The Economics

The Ashram derives its income for daily upkeep primarily from paying guests and general/project specific donations for capital works. The much more expensive tertiary education funding is raised and managed separately by the tireless friend of the Ashram, the NZ based Pak Terry Cox.

In return, the members work outside school hours to maintain the upkeep of the Ashram and the bungalows for the paying guests. They also help during the seed planting and harvesting of the Ashram’s offsite farms that are otherwise tilled with nonviolent or organic farming methods by tenant farmers with the Ashram sharing some of the produce such as beans, nuts or rice.

The members have a strict routine of puja or pray time four times a day plus English, general or yoga lessons with the guests when they are not at school. Generally the young Ashram members have an advantage in English through these lessons and through interaction with the guests at the Ashram, plus the confidence that is very much reflected in their generally good report cards with some at or near the top of the class, therefore enhancing their future employment prospects in Bali considerably.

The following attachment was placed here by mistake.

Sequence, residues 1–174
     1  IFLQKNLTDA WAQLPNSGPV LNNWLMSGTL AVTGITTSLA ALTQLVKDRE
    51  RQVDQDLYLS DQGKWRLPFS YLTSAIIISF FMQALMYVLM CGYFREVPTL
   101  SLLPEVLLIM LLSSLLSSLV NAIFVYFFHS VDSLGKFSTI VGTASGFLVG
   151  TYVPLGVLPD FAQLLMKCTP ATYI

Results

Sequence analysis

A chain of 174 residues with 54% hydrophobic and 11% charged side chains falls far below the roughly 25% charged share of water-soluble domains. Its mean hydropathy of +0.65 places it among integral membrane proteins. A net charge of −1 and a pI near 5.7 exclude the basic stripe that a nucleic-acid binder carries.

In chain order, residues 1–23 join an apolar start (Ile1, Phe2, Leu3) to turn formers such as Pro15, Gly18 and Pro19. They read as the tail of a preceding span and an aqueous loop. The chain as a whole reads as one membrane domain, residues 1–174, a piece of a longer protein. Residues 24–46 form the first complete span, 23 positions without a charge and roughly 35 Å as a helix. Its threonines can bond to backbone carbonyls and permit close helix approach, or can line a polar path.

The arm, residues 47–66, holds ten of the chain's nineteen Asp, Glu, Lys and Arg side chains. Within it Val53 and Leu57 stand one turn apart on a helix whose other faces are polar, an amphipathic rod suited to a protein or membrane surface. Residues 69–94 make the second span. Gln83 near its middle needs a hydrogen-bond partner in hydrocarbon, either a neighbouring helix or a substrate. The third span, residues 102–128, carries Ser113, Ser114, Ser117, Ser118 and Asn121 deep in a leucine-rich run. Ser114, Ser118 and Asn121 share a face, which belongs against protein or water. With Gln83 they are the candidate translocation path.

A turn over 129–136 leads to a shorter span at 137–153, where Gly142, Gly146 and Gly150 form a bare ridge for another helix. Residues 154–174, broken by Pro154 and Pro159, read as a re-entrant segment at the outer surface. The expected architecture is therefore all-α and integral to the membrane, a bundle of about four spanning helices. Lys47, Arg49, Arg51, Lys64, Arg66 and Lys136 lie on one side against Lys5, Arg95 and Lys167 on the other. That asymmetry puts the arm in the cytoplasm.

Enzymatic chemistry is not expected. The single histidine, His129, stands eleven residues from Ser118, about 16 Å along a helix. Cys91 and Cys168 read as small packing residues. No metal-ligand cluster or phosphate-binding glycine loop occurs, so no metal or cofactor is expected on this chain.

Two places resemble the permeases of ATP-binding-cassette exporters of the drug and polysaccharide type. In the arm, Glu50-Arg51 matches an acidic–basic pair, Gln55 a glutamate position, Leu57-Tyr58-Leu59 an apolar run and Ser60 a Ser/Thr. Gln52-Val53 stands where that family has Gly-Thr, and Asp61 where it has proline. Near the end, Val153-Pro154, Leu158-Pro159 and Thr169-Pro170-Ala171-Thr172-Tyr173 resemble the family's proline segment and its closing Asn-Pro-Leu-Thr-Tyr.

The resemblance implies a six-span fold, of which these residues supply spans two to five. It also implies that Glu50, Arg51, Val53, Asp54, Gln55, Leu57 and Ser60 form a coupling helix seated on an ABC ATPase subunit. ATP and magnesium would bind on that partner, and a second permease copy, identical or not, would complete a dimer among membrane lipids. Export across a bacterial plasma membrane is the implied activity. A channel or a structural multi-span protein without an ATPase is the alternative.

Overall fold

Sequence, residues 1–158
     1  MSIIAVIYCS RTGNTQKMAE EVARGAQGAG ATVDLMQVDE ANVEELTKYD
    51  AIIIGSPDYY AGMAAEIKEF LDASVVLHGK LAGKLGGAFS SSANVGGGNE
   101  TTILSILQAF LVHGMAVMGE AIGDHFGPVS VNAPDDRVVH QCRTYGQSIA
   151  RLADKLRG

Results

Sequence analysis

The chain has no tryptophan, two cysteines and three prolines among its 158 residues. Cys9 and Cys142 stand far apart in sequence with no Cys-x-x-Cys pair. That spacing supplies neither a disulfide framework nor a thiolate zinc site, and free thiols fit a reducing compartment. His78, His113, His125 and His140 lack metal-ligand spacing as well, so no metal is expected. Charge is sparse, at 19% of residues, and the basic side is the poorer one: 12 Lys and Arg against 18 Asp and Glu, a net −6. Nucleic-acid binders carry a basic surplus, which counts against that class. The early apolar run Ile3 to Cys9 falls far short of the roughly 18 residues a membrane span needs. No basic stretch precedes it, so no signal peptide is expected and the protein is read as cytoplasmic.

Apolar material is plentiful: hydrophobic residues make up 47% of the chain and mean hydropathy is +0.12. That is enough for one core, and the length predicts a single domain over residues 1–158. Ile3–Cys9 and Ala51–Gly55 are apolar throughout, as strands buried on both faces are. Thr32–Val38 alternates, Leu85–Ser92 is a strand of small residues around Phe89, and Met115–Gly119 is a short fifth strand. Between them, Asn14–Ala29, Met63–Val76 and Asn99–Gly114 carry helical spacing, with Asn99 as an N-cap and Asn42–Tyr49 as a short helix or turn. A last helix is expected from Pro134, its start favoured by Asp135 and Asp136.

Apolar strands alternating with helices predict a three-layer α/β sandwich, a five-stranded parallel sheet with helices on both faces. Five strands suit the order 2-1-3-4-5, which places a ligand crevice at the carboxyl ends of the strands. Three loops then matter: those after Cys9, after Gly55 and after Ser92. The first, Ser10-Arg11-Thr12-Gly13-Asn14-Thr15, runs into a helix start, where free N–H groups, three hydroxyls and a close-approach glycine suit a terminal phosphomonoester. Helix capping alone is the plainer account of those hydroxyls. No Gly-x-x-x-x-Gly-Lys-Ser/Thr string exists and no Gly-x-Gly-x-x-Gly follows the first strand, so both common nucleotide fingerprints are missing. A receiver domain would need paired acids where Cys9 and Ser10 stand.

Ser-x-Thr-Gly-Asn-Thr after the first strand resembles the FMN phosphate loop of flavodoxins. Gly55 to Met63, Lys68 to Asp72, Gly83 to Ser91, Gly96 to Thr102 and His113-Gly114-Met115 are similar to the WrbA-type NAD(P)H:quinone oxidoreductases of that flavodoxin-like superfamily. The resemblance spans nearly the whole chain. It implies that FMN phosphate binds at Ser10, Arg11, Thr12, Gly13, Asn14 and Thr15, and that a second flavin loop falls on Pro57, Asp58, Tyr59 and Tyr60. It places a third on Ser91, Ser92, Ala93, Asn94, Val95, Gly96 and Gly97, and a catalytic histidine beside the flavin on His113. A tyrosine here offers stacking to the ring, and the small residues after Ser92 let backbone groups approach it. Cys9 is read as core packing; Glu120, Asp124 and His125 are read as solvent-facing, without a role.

Whilst the Candidasa Ashram is our main full-functioning ashram we do have two other ashrams with somewhat reduced activities namely the GGA Vydiapith in Denpasar (Bali) and Yogyakarta (Central Java). These ashrams mainly housed our university student members, some are ‘graduates’ from the Candidasa Ashram who are continuing their studies on Ashram’s facilitated scholarships, but there are others who are self-funding students who are attracted to the Ashram life and get free accommodation in return. The Denpasar Ashram is on a freehold site whereas the Yogyakarta Ashram has the house’s annual lease paid for by Gedong Gandhi Ashram, or by donation from one of Ibu’s sons.